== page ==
OpenPathSampling can be divided into several subsystems that interact with each other. Usually, new additions to the code will focus on only a small number of these subsystems – often just one. Knowing how they all fit together will help you identify what you should add.
Storing to file (Storage)¶
Underlying everything in OpenPathSampling is the storage subsystem. Nearly all OPS objects inherit from our storable object classes, which makes the objects themselves storable (enabling things like restart files). While you shouldn’t need to modify the implementation of storage, you will need a basic understand of what storage can and can’t automatically do, and you may occasionally need to override some methods. All of this is covered in the documentation on storage.
Representing simulation data¶
You generally won’t need to modify or subclass these (except for
Snapshots, which some
DynamicsEngines might need to subclass). If you’re writing new analysis
tools, you’ll need to be familiar with how these work. See the section on
data objects in OPS.
Running Dynamics (Engines)¶
engines subsystem runs the dynamics. If you want to add a new
molecular dynamics engine, this is the subsystem you’ll need to become
The main classes you may need to subclass are:
In addition, you may need to add custom snapshot
features. See the
documentation on engines in order to learn more about adding
support for new engines.
Interpreting Dynamics (CVs and Volumes)¶
For the dynamics to have any sense, we need to be able to analyze each
frame. The subsystem of the code is mainly focused on frame-by-frame
analysis of a trajectory (i.e., the input is a single
The main classes here are:
CollectiveVariable, which maps a snapshot to some quantity (usually a single float). This could be, e.g., a specific distance of interest.
Volume, which maps a snapshot to a boolean value, indicating whether the snapshot is within that phase space volume. This could represent a stable state, or the “inside” of an interface in TIS.
The main reason you might subclass these is if you want to create a custom
CollectiveVariable wrapper for some analysis package. We already
have wrappers for MDTraj and PyEmma; more wrappers would be welcome! Details on what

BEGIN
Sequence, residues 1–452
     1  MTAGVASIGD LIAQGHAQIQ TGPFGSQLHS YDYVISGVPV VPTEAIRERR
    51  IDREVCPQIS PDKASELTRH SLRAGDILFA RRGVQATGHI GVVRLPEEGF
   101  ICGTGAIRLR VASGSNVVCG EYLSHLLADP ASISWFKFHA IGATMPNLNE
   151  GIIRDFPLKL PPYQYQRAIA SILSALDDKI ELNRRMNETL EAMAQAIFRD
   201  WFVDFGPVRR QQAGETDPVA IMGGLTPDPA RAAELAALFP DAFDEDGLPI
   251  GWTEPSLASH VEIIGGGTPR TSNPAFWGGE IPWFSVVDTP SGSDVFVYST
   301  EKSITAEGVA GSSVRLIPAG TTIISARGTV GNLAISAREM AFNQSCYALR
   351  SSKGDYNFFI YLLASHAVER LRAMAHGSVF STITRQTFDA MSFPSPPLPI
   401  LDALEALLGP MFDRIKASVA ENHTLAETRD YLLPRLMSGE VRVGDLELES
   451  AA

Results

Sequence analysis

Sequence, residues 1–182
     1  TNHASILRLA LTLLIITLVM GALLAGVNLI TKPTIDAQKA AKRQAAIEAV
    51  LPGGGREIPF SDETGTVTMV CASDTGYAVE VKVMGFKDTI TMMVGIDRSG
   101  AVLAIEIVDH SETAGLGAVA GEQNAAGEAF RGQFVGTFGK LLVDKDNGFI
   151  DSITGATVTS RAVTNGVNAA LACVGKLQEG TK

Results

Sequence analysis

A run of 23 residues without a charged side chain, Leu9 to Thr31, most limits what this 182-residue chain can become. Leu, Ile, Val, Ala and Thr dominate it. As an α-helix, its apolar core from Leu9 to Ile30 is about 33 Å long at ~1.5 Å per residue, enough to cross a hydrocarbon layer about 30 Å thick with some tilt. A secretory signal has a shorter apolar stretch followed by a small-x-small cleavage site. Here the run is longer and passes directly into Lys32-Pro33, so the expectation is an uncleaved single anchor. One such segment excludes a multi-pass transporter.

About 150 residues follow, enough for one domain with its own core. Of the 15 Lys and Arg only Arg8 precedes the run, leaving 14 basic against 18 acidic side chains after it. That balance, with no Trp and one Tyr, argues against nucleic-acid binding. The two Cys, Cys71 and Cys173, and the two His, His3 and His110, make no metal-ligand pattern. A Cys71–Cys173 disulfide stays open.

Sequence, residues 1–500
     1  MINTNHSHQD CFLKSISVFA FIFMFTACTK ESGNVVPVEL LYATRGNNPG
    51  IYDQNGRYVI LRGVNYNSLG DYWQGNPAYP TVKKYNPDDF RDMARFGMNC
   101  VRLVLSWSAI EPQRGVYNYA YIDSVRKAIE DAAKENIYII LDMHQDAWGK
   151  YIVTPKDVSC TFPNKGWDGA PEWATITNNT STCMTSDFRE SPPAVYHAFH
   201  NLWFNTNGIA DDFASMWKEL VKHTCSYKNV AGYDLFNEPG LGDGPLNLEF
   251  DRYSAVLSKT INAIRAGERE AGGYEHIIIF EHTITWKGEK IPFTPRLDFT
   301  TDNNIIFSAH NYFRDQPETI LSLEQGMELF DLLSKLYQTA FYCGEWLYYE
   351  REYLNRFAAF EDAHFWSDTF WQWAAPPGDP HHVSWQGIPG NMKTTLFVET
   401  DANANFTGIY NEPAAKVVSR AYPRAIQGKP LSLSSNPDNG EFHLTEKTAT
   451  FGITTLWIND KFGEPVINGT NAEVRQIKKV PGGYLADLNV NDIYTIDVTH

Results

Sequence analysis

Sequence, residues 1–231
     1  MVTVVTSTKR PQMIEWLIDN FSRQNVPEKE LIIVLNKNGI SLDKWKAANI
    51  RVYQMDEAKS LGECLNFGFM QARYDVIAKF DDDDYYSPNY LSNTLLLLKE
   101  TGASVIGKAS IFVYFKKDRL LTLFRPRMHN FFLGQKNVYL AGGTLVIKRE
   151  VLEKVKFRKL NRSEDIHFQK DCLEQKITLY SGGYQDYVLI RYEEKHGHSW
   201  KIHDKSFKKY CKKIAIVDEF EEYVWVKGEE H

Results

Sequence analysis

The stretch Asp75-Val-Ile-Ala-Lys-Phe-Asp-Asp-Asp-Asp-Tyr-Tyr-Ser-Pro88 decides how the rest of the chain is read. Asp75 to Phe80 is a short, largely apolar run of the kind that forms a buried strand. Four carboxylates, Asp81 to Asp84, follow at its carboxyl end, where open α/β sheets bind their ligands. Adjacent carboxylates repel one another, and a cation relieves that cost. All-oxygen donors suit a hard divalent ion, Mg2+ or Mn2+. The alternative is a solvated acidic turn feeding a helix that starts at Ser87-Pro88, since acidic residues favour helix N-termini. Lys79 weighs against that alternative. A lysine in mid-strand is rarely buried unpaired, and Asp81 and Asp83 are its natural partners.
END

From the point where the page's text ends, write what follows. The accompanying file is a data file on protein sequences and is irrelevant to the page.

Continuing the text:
to do are including in the section on collective variables.
Path Ensembles (Ensembles)¶
For efficient path sampling, we need to not only run dynamics, but also
to know when to stop the dynamics. In the earlier path sampling methods, all
dynamics were of a fixed length. But more recent approaches have gained
significant efficiency by defining stopping criteria that depend on the
trajectory that has been run so far. These stopping criteria can be derived
from the particle path ensemble being sampled, and for us, this is one of
the primary purposes of the
In general, we discourage you from trying to subclass
most cases, it is probably easier to use our existing tools and to create
the ensemble you want from them. ???TODO: add docs about writing custom
Monte Carlo Moves (PathMovers)¶
Path sampling is Monte Carlo in path space, so of course we need objects
that perform Monte Carlo moves. These are our
Creating custom Monte Carlo moves is one of the common tasks for developers
of new techniques in path sampling, and so we have tried to make it easy.
However, in order to make it easy for other users to mix-and-match your
custom path movers with other path movers, you should also implement a
MoveStrategy. Details on both of these are in the
documentation on subclassing PathMovers and MoveStrategies.
Higher-Level Tools (Networks and MoveStrategies)¶
In real path sampling simulations, there are often many ensembles and many path movers. Furthermore, frequently each ensemble needs to know its context – how it relates to other ensembles – in order for its analysis to have any meaning.
For this reason, we have created some higher-level tools which act as
factories for the ensembles and path movers. If you are interested in doing
path sampling of a custom ensemble, then you probably want to write a custom
TransitionNetwork object. This isn’t necessary if your ensemble
is only used temporarily, but if you actually intend to sample and analyze
that ensemble, it should be part of the
documentation on networks ???move from topics??? explains how to create
As mentioned above, if you’re writing a custom path mover, you’ll also want
to write a custom
a user to define a desired type of move. For example, using
MoveStrategy, a user could, in one or two lines, choose to have a
different method for selecting the shooting point, or could even create two
sets of shooting moves for the different methods.
MoveStrategy is then appended to the
which sorts the strategies into a meaningful order, and then asks each
strategy to create its moves. Details on creating
MoveStrategies are with the documentation on custom path movers.
Most of OPS is designed around path sampling: that is, the Monte Carlo
sampling of path ensembles. However, much of the machinery can be used for
other purposes. If you’re interested in using OPS for something other than
path sampling, you’ll need to create a new
PathSimulator is essentially the “main” function of OPS, and
details on subclassing it can be found in the section on